I’ve written about William Mortensen before. He was blacklisted by Ansel Adams and his crew from the history of 20th century photography. Adams called Mortensen “the anti-Christ.” A recent graduate from a photography school of my acquaintance had never heard of Mortensen. This is a shame.
I’ll take Mortensen over Adams any day.
Mortensen was a Pictorialist. Pictorialism was a photographic movement pretty much created by and championed by Alfred Stieglitz in the early twentieth century.
In 2010, Alexis Madrigal wrote in The Atlantic:
The iPhone artists are executing a nearly identical operation to the pictorialists. To make people understand something as art, you make it look like the art they already know, right? Everyone knows the pictorialists made art photos, so now you make your iPhone shots look like their gum bichromate prints. You say over and over, iPhone photos can be art. And you push your work into the cultural institutions that define the edges of the art world.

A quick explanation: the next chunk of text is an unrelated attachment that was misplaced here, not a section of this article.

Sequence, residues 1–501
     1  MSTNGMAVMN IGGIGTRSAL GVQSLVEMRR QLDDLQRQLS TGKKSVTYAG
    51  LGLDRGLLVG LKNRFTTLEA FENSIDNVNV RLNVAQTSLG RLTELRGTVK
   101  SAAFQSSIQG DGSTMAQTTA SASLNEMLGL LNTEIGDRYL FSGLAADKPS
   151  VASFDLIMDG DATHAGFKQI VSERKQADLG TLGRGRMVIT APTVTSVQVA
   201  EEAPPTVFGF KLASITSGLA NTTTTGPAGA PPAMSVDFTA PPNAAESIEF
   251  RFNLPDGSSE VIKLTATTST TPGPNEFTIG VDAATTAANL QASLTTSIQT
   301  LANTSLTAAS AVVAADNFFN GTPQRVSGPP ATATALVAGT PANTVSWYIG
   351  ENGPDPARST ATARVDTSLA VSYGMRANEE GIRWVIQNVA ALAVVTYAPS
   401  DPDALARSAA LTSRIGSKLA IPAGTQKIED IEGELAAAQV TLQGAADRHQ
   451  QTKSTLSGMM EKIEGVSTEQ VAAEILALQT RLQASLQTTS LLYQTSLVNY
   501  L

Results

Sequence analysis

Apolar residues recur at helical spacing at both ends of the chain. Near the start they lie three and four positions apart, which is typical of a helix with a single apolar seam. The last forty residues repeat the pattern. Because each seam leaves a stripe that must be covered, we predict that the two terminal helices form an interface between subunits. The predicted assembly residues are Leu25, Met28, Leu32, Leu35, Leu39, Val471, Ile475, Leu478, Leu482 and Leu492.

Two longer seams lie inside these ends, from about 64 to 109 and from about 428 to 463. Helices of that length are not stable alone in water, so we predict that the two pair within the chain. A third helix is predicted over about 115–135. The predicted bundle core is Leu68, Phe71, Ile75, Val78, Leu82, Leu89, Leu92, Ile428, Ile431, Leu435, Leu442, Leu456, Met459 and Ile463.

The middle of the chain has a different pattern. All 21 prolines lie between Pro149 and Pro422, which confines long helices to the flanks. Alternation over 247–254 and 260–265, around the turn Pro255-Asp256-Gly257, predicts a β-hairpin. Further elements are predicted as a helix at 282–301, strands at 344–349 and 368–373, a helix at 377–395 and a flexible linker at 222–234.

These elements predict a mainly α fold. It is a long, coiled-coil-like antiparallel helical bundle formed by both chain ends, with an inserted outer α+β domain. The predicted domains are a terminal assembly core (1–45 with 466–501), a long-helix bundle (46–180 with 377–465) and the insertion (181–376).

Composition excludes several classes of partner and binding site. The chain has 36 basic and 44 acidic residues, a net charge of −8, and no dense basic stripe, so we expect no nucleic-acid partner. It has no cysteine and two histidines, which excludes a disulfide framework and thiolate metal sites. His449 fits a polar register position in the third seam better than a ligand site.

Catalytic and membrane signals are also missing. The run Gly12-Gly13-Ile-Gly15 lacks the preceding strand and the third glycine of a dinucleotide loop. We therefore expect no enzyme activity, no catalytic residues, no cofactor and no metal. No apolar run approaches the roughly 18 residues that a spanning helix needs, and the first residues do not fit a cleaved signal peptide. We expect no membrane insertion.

There’s an exhibition of iPhone art touring the country right now. It debuted in San Francisco last month, and will hit Chicago and New York in the next two weeks. “Pixels at an Exhibition” features art produced solely with the iPhone — and some of it is gorgeous. I rest my case with Maia Panos’ “Morning Glow,” a fine example of the iPhone pictorialist genre.
There’s a great book about Mortensen, American Grotesque. Highly recommended.